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Keywords:capital flows 

Working Paper
Bad Investments and Missed Opportunities? Postwar Capital Flows to Asia and Latin America

Since 1950, the economies of East Asia grew rapidly but received little international capital, while Latin America received considerable international capital even as their economies stagnated. The literature typically explains the failure of capital to flow to high growth regions as resulting from international capital market imperfections. This paper proposes a broader thesis that country-specific distortions, such as domestic labor and capital market distortions, also impact capital flows. We develop a DSGE model of Asia, Latin America, and the Rest of the World that features an ...
Working Paper Series , Paper WP-2015-8

Working Paper
International Dollar Flows

Using confidential Federal Reserve data, we study the factors driving U.S. banknote flows between the United States and other countries. These flows are a significant component of capital flows in emerging market economies, where physical U.S. currency functions as a safe asset and precautionary demand for U.S. banknotes is a form of flight to quality. Prior to the global financial crisis, country-specific factors, including local economic uncertainty, largely explain the volume and heterogeneity of the flows. Since the crisis, global factors, particularly, global economic uncertainty, ...
International Finance Discussion Papers , Paper 1144

Working Paper
The Global Financial Cycle and Capital Flows During the COVID-19 Pandemic

We estimate the heterogeneous effect of the global financial cycle on exchange rates and cross-border capital flows during the COVID-19 pandemic, using weekly exchange rate and portfolio flow data for a panel of 48 advanced and emerging market economies. We begin by estimating the global financial cycle at a weekly frequency with data through 2021 and observe the two standard deviation fall in our global financial cycle index over a period of four weeks in March 2020. We then estimate the country-specific sensitivities of exchange rates and capital flows to fluctuations in the global ...
Globalization Institute Working Papers , Paper 416

Report
The Global Financial Resource Curse

Since the late 1990s, the United States has received large capital flows from developing countries and experienced a productivity growth slowdown. Motivated by these facts, we provide a model connecting international financial integration and global productivity growth. The key feature is that the tradable sector is the engine of growth of the economy. Capital flows from developing countries to the United States boost demand for U.S. non-tradable goods. This induces a reallocation of U.S. economic activity from the tradable sector to the non-tradable one. In turn, lower profits in the ...
Staff Reports , Paper 915

Report
Liquidity traps, capital flows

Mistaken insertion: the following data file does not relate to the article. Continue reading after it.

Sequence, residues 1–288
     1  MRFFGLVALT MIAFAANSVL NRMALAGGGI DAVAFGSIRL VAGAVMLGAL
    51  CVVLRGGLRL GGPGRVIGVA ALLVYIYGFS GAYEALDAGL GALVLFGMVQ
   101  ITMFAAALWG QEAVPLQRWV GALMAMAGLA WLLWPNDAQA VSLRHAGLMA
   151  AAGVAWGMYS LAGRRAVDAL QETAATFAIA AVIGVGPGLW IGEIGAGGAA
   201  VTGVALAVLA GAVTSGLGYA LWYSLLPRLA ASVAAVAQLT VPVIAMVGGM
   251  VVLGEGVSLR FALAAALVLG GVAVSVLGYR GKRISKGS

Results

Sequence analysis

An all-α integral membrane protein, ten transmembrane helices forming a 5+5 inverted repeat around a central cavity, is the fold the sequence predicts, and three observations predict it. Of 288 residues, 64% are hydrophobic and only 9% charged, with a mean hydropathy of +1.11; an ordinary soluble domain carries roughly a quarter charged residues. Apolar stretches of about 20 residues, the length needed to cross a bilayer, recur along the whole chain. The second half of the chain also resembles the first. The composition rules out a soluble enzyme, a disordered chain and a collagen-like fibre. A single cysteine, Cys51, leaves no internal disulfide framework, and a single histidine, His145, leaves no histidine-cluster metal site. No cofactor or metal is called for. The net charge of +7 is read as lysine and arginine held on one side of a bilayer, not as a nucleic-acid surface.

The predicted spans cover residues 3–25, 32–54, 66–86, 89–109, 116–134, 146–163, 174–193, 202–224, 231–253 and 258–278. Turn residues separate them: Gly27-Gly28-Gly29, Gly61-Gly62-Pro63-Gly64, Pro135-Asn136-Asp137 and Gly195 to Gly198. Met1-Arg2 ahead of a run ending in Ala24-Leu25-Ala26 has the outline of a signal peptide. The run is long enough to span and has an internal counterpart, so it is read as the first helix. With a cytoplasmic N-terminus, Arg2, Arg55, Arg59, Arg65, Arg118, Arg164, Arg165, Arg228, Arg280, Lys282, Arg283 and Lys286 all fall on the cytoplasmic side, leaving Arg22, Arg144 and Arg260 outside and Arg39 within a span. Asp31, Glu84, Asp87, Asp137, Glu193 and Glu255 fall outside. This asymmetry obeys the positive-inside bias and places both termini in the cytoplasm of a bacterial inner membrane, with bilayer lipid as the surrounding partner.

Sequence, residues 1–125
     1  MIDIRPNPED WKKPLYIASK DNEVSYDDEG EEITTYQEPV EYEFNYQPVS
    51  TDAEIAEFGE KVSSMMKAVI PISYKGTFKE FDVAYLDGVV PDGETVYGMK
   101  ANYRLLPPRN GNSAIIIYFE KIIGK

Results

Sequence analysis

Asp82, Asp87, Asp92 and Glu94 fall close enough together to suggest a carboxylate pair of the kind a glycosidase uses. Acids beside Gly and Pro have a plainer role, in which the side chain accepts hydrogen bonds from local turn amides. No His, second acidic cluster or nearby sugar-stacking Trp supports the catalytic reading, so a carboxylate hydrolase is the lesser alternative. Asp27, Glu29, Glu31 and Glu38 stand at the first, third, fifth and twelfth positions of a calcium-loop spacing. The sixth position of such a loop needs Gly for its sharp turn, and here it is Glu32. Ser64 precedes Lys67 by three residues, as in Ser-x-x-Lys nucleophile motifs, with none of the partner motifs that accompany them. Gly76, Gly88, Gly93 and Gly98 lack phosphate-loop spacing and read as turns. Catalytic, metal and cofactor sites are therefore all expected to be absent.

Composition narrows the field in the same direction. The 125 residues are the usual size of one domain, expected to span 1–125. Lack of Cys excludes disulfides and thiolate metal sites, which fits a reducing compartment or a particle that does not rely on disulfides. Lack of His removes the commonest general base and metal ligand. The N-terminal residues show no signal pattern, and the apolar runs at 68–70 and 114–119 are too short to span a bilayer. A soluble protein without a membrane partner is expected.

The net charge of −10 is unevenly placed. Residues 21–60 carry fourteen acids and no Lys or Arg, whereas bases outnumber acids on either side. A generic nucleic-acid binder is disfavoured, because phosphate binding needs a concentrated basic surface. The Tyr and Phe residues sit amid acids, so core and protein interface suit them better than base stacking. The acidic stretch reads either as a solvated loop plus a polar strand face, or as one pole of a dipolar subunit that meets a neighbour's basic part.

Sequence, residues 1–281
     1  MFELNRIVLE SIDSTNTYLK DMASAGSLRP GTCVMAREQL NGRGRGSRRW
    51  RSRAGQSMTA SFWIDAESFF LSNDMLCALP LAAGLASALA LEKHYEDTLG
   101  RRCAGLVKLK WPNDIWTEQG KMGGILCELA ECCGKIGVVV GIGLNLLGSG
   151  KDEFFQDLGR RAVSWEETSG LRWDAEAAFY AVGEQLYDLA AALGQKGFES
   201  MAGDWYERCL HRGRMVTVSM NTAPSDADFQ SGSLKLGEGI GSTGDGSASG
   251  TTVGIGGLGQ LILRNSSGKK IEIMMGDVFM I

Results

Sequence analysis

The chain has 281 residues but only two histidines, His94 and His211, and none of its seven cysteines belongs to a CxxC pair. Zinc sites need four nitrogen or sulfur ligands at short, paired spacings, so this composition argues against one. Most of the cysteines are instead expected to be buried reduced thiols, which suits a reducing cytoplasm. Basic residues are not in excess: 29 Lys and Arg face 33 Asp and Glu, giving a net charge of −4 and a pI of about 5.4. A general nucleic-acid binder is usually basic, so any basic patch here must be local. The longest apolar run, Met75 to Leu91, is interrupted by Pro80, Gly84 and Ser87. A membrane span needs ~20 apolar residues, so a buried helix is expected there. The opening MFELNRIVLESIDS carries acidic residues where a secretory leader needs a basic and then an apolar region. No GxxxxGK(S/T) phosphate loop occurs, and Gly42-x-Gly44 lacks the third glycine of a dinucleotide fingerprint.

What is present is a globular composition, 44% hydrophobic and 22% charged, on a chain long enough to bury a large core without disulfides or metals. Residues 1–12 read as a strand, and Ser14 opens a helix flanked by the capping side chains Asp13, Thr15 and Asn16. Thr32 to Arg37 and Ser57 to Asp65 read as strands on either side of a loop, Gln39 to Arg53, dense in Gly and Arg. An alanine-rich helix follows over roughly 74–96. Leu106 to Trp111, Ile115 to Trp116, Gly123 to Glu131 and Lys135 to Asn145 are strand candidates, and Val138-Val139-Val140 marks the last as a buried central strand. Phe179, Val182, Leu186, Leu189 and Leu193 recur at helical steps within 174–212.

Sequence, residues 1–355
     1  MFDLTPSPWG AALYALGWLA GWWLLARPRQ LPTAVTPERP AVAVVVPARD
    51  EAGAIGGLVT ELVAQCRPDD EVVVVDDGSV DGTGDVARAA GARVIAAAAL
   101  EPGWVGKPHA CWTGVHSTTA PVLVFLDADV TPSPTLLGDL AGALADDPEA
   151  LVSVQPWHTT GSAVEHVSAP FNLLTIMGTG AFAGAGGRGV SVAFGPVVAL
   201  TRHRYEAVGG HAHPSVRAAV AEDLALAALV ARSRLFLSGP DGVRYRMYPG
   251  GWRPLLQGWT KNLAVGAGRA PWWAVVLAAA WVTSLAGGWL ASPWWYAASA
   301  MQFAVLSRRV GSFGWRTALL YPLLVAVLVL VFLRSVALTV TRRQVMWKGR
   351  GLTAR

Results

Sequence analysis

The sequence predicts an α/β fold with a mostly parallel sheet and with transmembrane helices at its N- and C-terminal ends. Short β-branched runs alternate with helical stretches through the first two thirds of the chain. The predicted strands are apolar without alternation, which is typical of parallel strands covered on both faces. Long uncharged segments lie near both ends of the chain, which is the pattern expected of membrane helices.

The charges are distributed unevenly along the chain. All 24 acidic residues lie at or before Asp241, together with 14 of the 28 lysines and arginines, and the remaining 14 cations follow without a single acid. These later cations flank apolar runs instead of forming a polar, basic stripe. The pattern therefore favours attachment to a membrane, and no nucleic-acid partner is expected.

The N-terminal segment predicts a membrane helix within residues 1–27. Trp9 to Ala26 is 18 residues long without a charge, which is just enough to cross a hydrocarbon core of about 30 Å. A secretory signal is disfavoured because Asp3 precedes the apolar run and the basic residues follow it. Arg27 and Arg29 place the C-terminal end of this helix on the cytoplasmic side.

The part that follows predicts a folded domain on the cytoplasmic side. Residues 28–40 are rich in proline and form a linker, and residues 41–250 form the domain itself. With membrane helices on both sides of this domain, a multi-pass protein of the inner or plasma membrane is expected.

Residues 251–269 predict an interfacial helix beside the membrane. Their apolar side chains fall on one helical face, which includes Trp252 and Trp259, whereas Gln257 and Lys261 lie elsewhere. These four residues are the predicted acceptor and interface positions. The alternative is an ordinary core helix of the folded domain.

Motivated by debates surrounding international capital flows during the Great Recession, we conduct a positive and normative analysis of capital flows when a region of the global economy experiences a liquidity trap. Capital flows reduce inefficient output fluctuations in this region by inducing exchange rate movements that reallocate expenditure toward the goods it produces. Restricting capital mobility hampers such an adjustment. From a global perspective, constrained efficiency entails subsidizing capital flows to address an aggregate demand externality associated with exchange rate ...
Staff Reports , Paper 765

Report
The shifting drivers of global liquidity

The post-crisis period has seen a considerable shift in the composition and drivers of international bank lending and international bond issuance, the two main components of global liquidity. The sensitivity of both types of flows to U.S. monetary policy rose substantially in the immediate aftermath of the global financial crisis, peaked around the time of the 2013 Federal Reserve ?taper tantrum,? and then partially reverted toward pre-crisis levels. Conversely, the responsiveness of international bank lending to global risk conditions declined considerably after the crisis and became similar ...
Staff Reports , Paper 819

Report
International capital flow pressures

This paper presents a new measure of capital flow pressures in the form of a recast exchange market pressure index. The measure captures pressures that materialize in actual international capital flows as well as pressures that result in exchange rate adjustments. The formulation is theory-based, relying on balance of payments equilibrium conditions and international asset portfolio considerations. Based on the modified exchange market pressure index, the paper also proposes a global risk response index, which reflects the country-specific sensitivity of capital flow pressures to measures of ...
Staff Reports , Paper 834

Journal Article
The global saving glut and the fall in U.S. real interest rates: A 15-year retrospective

The authors revisit Ben Bernanke’s global saving glut (GSG) hypothesis from 2005—which links low long-term real interest rates in the United States to excess saving in a number of non-Western countries, including, but not limited to, China. Using an analytical framework and empirical data, they find that the ability of the GSG hypothesis to explain the fall in long-term real rates between 2002 and 2006 is likely much greater than its ability to account for the further fall in these rates from the Great Recession onward.
Economic Perspectives , Issue EP-2021-1 , Pages 15

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